Tasmania has not been spared the impact of a growing apprentice shortage.
Advocates and education experts have said a strong TAFE and vocational education sector is key to addressing the crisis.
In Tasmania, the public provider of VET is TasTAFE, which is supplemented by about 150 private registered training organisations.
The public provider has had its own challenges, after a tumultuous 12 months, but what are the challenges and where do we go from here?
TasTAFE has been at the centre of a nepotism scandal in the past year after allegations about former chief executive Stephen Conway emerged in 2017.
Mr Conway was forced to resign after the Integrity Commission published a report in May, that was tabled in Parliament.
The commission’s report investigated a complaint of an alleged conflict of interest against senior executive officers of TasTAFE.
In June, The Examiner revealed about 250 staff members at TasTAFE ranked stress as the number one factor that led to negative outcomes.
The survey documents were obtained by The Examiner as the allegations of nepotism and long-term cultural problems were revealed.
In its 2016-17 annual report, TasTAFE reported it had a total of 33,452 enrolments across the state.
There were 9650 enrolments in the North and 7845 in the North-West, with the bulk of enrolments in the south.
Of those enrolments, there were 16,037 men and 10, 291 women enrolled in courses across TasTAFE’s spectrum of qualifications.
However, since that report, the number of people enrolled in vocational education in Tasmania has declined.
Quarterly data from the National Centre for Vocational Education Research from June 2017 showed Tasmania’s trade apprenticeships were down.
Trades are down 4.6 per cent but non trades had risen 12.7 per cent.
NCVER reports there are 7575 people in Tasmania in vocational education.
That is down 2.9 per cent from September 2016. From 2013-2017 there has been a 16 per cent reduction in vocational training commencements from 5745 to 4805.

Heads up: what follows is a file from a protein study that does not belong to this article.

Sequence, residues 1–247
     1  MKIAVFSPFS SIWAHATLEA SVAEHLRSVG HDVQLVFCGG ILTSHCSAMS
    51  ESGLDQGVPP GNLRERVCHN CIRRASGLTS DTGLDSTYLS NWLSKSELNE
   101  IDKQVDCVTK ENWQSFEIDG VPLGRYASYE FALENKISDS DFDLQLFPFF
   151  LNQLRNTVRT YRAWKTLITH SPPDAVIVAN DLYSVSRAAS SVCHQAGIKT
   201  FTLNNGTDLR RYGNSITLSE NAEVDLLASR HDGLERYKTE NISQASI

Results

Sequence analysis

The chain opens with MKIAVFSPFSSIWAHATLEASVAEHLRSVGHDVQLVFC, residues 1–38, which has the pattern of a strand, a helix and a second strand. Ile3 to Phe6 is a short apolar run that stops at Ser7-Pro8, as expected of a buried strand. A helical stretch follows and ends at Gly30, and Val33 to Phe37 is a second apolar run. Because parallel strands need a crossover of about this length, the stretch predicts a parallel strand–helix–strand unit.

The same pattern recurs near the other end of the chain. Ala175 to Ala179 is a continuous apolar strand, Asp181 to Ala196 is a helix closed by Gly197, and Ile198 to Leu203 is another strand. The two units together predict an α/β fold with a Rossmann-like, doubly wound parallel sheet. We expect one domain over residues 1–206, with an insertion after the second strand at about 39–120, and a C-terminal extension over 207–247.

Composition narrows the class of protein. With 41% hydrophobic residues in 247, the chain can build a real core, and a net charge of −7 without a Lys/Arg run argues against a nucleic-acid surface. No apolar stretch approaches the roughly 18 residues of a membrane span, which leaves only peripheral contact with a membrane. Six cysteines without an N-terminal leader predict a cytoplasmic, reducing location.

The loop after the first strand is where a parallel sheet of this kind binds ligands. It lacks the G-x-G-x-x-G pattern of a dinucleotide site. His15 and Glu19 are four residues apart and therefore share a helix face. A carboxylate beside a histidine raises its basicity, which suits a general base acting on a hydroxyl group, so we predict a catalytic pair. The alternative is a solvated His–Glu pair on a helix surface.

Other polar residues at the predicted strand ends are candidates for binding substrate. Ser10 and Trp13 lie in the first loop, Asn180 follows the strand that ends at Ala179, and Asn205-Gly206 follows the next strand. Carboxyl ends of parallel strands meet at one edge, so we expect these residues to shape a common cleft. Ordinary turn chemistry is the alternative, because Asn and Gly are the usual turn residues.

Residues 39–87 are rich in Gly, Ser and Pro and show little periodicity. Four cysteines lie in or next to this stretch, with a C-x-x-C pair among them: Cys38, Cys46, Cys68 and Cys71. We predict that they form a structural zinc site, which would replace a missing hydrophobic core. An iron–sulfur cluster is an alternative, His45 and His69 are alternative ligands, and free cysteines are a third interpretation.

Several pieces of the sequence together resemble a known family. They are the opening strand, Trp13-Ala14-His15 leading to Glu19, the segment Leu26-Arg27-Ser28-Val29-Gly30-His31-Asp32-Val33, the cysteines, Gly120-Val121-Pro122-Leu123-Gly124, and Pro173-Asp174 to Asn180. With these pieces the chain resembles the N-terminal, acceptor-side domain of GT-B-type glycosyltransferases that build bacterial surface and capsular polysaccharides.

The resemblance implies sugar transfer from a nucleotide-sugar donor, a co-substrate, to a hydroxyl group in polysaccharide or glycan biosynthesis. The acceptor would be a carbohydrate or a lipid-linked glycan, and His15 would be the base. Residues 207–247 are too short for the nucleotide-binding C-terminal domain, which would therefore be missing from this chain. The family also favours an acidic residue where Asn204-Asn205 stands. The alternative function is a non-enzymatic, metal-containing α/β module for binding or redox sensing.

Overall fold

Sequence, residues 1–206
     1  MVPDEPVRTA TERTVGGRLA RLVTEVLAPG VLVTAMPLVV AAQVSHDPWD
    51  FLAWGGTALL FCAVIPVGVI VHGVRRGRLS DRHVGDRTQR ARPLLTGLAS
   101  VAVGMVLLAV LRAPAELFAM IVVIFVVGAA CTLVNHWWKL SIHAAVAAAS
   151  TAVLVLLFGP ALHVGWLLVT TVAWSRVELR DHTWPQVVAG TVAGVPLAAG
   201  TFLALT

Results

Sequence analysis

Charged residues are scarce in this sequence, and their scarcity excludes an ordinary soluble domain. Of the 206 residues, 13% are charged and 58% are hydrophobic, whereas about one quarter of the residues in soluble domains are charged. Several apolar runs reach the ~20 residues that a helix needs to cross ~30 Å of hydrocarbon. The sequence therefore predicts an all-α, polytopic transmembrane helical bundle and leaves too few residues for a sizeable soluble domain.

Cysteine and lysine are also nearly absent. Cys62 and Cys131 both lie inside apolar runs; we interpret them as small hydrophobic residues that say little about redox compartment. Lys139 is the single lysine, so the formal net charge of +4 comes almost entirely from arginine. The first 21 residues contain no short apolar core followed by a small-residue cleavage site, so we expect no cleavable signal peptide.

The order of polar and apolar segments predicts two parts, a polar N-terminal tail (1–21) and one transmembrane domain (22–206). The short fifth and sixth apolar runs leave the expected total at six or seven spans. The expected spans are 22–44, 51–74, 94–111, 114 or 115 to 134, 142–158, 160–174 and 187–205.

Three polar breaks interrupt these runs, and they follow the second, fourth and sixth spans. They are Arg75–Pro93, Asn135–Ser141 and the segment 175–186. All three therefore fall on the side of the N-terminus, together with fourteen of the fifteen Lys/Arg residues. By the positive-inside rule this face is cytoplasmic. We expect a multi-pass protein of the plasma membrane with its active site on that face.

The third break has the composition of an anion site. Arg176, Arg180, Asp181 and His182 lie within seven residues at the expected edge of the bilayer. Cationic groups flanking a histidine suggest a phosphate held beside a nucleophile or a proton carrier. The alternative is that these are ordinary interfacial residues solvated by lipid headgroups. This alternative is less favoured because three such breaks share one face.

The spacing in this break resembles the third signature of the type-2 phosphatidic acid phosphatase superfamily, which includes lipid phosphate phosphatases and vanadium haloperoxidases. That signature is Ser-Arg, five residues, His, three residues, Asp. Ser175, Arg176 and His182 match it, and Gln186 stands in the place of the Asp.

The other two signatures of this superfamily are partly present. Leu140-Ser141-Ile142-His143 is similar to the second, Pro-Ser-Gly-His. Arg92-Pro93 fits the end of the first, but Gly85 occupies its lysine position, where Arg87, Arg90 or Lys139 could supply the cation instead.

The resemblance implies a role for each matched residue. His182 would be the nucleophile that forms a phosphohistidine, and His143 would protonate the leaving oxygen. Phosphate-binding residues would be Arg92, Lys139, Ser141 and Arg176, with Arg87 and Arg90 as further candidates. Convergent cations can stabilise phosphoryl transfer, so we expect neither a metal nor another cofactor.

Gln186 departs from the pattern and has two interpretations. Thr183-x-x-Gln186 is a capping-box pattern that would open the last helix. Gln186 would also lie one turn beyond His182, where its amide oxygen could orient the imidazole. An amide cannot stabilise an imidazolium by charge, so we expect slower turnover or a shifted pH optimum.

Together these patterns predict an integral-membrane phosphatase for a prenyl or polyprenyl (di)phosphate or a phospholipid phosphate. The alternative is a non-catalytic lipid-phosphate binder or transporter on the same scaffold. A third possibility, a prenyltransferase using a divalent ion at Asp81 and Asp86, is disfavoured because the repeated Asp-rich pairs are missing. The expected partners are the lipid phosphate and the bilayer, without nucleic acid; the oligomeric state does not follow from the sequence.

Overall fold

Of those 4805 who started vocational education training in 2017, 2345 of those withdrew or cancelled their training. About 3135 completed it.
PERCEPTION V REALITY
One key theme to emerge from The Examiner’s Pick up the Tools campaign is the issue of public perception.
A number of industry and education experts, as well as recent TasTAFE graduates have pointed to community perception and understanding of VET and TasTAFE pathways as part of the reason for declining enrolments.
Tim Mead, from North-West construction company Mead Con, said while he believed TasTAFE did a good job with what they had, more support was needed.
“I think TasTAFE does a great job, but people don’t seem to rate trades much...we need to change the conversations we are having in the community,” he said.
Mr Mead is the chief executive at Mead Con, but is also chairman of the education and training committee of Master Builders Australia.
Tasmanian Chamber of Commerce and Industry chief executive Michael Bailey says there is a lack of understanding in the community about what a TasTAFE qualification could offer.
He said he believed the lack could be attributed to a lack of understanding among young people about what a trade could offer.
“There is a real need to reassess the understanding of VET pathways for young people,” he said.
A national report by the Skilling Australia Foundation and McCrindle Research was released in May 2017 and examined myths and perceptions of the VET sector nationally.
The Skilling Australians Foundation and McCrindle Research report highlights VET as a “timely solution” to the national issue of jobs shortages.
“In a rapidly changing employment environment, the speed, value and skills that VET provides are the solution to today’s growing needs,” the report said.
“Vocational education and training provides a low barrier entry point for individuals to retrain and ensure they remain future-proofed as they respond to the demands of an ever-changing workforce.”
An external audit of TasTAFE was ordered by Education Minister Jeremy Rockliff in the wake of the nepotism scandal.
A quarterly audit update from Wise Lord and Ferguson was released in September with 25 recommendations being implemented.
It’s believed the full audit report is expected to be received in June.